Norway to take technological lead with Johan Sverdrup
Statoil Johan Sverdrup project is not only remarkable because of the context in which its final investment decision (FID) is made, but also as it will concentrate the most advanced technologies all along its development from the electrical power supply to the enhanced oil recovery (EOR) techniques to be deployed.
While most of the international oil companies (IOCs) are cleaning up their balance sheet, Statoil, as most of the national oil companies (NOCs), is gearing up in making the final investment decision (FID) for the first phase of the Johan Sverdrup development in considering the 50 years horizon line to secure their future.
With a first phase revised down to $11 billion capital expenditure, Statoil and its partners, Lundin from Sweden, Maersk Oil (Maersk) from Denmark, Det Norske Oljeselskap (Det Norske or DNO) and Petoro from Norway are planning to invest up to $40 billion for Johan Sverdrup Full Field Development.
The Johan Sverdrup project resulted from the merger of three different licenses involving Statoil and its partners in different stakes and roles requiring a complex process of unitization from Norway Authorities.
After intensive discussions between the partners and with Norway Petroleum & Energy Ministry, this unitization process concluded to the following roles and working interests in Johan Sverdrup:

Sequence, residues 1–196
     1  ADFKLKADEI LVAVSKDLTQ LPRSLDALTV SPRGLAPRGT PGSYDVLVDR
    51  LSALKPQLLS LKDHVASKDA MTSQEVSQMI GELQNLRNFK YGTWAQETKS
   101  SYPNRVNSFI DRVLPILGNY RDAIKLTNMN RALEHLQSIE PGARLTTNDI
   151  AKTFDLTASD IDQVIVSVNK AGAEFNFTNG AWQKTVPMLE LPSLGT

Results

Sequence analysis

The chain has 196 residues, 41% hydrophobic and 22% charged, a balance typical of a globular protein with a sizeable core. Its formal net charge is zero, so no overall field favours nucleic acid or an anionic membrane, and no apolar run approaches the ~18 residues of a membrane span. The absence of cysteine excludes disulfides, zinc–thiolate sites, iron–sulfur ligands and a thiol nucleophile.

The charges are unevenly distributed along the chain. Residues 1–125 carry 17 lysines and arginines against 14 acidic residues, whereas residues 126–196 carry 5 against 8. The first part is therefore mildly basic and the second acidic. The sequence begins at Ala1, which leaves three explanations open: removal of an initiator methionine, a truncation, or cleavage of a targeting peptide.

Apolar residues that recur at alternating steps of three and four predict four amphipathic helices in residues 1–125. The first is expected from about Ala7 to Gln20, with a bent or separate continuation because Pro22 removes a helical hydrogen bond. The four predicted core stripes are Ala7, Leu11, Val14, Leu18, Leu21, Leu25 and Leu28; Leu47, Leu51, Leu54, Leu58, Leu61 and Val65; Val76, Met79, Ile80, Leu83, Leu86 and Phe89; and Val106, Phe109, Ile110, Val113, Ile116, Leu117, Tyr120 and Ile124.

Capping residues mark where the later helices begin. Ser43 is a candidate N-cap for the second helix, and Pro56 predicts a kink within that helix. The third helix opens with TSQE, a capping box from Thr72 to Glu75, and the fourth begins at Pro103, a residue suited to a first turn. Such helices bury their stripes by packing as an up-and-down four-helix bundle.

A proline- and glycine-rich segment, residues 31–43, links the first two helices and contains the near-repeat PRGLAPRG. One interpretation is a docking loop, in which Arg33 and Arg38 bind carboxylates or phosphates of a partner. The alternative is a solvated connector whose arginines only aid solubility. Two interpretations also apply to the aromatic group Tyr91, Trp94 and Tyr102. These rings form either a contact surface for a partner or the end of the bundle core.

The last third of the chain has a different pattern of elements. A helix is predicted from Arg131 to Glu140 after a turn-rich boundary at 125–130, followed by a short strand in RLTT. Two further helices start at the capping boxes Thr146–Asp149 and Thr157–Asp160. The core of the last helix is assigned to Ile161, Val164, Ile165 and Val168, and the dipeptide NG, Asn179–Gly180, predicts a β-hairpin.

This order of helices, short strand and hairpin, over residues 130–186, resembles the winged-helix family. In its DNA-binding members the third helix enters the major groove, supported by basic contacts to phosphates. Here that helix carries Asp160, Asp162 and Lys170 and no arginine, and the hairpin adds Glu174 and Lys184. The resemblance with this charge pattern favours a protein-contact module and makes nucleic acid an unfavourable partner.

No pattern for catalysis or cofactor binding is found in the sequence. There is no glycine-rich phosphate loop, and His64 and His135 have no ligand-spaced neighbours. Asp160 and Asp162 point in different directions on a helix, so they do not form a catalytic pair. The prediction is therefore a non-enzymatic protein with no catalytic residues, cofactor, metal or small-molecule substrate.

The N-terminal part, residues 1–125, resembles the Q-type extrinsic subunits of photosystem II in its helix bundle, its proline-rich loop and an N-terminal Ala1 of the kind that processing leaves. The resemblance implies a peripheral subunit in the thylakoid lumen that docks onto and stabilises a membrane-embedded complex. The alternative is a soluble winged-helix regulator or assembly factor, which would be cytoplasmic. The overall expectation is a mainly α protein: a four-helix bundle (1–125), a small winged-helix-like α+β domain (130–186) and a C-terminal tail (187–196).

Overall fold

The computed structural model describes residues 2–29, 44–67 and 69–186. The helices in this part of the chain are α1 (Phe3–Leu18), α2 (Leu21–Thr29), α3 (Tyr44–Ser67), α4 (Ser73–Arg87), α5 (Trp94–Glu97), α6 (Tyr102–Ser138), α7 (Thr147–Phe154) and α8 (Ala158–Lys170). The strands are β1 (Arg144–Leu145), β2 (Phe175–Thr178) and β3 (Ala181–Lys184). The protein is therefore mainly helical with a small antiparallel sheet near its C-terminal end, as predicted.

– Statoil 40.0267% is the operator
– Lundin 22.12%
– Petoro 17.84%
– Det Norske 11.8966%
– Maersk 8.12%
Statoil and its partners expect the Johan Sverdrup Plan for Development and Operation (PDO) to be approved by Norway Authorities on mid-2015.
Located in the Utsirah Height of the Norwegian Continental Shelf (NCS), Johan Sverdrup lies approximately 155 kilometers offshore west Stavanger by only 120 meters of water depth.
Johan Sverdrup to produce more than UK by 2025
At the peak production, Johan Sverdrup should reach 650,000 boe/d production representing 25% of Norway production by 2025 and more than UK at that time.
These technologies will combined soft water and chemical injection, greenhouse gas injection.
All these solutions double the need for electrical power supply that will come from shore by subsea cable.
Therefore this Johan Sverdrup First Phase project will include four offshore platforms and two export pipelines.
The Johan Sverdrup Phase-1 platforms include:
– Drilling Platform
– Riser Platform
– Processing Platform
– Living Quarter Platform
The oil pipeline will supply the Mongstad Terminal while a new 165 kilometers gas pipeline will feed the Karsto Central Processing Facility.
In 2016, Statoil will start drilling the production wells in expecting the first production for Johan Sverdrup First Phase by 2019.